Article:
“Our manager, Gardner, is patient and always gives you a second chance.”
“He takes as much time as you need to help you work through things.”
“When we fall short, Gardner recognizes our challenges and encourages us.”
“Gardner is always there for you. You can count on his support.”
Employees from the other department shook their heads and chimed in:
“Well, you know where you stand with Jasper but he is not too patient.”
“Jasper will show you how to do things and then he expects you to do them.”
“When Jasper praises you, you know you have earned it.”
“Jasper does not hold grudges, but if you violate policy you can expect a write-up.”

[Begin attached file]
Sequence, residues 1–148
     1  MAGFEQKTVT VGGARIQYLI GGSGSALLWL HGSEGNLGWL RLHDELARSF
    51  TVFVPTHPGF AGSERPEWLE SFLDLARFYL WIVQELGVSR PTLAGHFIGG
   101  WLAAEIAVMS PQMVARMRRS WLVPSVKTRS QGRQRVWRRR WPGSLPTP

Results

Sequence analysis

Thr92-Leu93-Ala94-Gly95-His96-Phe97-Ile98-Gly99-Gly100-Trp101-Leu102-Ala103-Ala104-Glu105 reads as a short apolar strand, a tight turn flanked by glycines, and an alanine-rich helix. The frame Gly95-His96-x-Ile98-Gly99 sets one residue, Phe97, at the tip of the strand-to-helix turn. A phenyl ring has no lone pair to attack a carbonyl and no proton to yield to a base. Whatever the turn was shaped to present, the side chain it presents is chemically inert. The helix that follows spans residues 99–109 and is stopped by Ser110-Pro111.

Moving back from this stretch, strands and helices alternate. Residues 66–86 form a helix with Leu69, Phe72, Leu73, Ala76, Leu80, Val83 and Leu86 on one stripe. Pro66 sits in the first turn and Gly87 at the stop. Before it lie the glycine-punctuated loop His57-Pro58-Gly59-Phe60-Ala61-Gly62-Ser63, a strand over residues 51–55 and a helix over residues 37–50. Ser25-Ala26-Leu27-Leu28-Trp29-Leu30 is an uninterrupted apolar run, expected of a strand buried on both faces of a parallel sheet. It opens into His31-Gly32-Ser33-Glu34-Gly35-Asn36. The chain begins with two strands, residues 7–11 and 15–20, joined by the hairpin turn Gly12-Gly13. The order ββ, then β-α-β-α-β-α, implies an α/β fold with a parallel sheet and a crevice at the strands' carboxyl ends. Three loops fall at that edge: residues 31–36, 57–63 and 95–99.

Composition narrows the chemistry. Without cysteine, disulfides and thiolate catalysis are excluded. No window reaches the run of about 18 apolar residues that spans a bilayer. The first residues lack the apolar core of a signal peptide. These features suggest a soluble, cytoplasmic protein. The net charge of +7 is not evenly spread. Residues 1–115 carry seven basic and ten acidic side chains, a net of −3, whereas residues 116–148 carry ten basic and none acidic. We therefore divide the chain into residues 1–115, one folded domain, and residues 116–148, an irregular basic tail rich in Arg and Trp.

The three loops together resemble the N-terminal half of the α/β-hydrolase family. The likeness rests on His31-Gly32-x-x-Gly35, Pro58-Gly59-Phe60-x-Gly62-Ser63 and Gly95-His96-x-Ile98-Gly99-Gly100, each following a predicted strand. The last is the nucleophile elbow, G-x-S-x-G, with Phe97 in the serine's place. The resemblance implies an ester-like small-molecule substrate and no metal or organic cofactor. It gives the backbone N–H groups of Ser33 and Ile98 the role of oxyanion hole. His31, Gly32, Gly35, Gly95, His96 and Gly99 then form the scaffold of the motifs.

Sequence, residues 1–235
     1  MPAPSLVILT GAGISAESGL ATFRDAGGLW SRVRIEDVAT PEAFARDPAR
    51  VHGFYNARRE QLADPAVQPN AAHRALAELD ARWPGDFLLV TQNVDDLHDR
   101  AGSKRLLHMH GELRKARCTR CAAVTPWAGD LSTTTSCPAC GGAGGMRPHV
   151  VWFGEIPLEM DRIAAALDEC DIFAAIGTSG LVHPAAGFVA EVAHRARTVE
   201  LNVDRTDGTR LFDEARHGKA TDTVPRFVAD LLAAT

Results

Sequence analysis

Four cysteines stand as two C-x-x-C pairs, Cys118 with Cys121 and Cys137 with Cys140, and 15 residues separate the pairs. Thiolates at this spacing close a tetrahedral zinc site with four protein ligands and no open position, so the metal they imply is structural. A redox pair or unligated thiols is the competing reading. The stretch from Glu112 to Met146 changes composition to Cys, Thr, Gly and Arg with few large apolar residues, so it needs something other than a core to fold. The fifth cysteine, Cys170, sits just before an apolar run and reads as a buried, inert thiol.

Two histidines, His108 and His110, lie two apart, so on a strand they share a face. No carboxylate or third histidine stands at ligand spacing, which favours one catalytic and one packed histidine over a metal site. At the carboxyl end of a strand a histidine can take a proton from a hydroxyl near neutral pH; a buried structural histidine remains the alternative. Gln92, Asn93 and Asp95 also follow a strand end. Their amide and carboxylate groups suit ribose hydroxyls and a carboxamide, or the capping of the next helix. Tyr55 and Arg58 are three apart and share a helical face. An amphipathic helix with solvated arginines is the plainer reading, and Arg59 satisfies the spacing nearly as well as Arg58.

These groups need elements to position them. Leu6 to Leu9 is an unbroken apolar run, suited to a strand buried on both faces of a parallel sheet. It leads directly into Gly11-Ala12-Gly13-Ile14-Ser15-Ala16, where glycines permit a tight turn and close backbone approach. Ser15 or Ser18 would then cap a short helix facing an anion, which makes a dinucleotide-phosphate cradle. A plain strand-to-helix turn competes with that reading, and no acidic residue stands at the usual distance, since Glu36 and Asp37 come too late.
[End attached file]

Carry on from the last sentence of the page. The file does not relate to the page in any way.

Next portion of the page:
Good coaching, I think, is about achieving goals. Good coaches set specific expectations. They train and support their employees. When employees falter, good coaches are quick to help but their interventions are usually brief and to the point. While effective coaches relate well to their employees, they enforce the rules consistently and fairly.
Gardner, who is popular, may not get the most out of his team. By contrast, Jasper is likely do what he has to do to get results.